Sunday, June 8, 2014

Instant Replay: EDGE OF TOMORROW


Edge of Tomorrow is an action movie with an irresistible sci-fi hook. It’s the near future and humans are fighting a war against aggressive alien invaders. The creatures are fast, brutal, and seemingly unstoppable. Europe has fallen, occupied by the spindly, insidious beasties. The forces of Earth are mobilizing for a last-ditch effort to beat back the extraterrestrial beings before it’s too late. This is all laid out for us in one of those rapid-fire news footage montages that feature real anchors delivering this fictional news with grave sincerity. One of the army’s top public relations men (Tom Cruise) is asked to chronicle the impending attack. When he’s told it’s not a request, but an order, he tires to run. He’s branded a coward and a deserter. His punishment: a spot on the front lines. It’s there that he experiences first hand the carnage of the conflict. He’s killed in action and is surprised to wake up the day before. He’s caught in a time loop.

The rest of the movie features Cruise’s fearful, inexperienced soldier gaining strength and smarts by reliving the battle over and over and over. He repeats the day, getting a better grasp on the situational tactics and big picture with each replay. He’s like a gamer getting better and better each time through a level. The invasion is a chaotic sci-fi version of the D-Day invasion of Normandy. Humans wear mechanized battle suits as they land on the beach, firing off into the distance at an unseen enemy as they trudge forward. The aliens burrow under the sand, then burst forward grasping, blasting, chomping. They are biomechanical, multi-tentacle beasts that look truly otherworldly, incomprehensibly strange and self-evidently dangerous. It seems mankind’s only chance is the trial-and-error suddenly available to this one man. Again and again he dies only to be born again, ready to fight the same fight once more, but this time with a slightly better idea of what he’s in for.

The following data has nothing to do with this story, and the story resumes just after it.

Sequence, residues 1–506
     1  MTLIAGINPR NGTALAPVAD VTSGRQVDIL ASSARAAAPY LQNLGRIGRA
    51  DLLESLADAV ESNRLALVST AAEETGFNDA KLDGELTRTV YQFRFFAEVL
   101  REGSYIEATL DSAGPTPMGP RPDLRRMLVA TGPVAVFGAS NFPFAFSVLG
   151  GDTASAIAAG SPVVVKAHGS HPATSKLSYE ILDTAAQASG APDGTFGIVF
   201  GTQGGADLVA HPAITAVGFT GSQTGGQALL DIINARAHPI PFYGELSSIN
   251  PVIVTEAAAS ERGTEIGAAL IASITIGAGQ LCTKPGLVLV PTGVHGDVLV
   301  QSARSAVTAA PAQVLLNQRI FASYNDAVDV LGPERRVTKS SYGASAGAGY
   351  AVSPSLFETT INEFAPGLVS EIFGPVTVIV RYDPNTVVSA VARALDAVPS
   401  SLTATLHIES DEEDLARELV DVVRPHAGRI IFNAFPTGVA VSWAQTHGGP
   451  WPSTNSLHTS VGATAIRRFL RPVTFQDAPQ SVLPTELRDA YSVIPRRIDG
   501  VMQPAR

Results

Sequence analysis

Cruise is a perfect actor for this kind of role. He not only has the sympathetic hard-charging action hero role down to a science, he makes it look new each time. As a movie star who has lived through action movie carnage that’d kill a real person dozens of times over throughout his career, it’s a shock to see him die, let alone in a context that’s quickly edited for an almost comic effect at times. At one point, there’s a training montage of sorts in which he’s killed with every edit. He’s shot, stabbed, exploded, run over, squashed, chopped, and otherwise destroyed, but still he bounces up again, waking on the day before. Here his professionalism and determination grow steely through a sense of discovery that’s fun and tense. A lesser actor might let the whole project grow repetitive or wearing, but Cruise charges forward, all energy and willpower.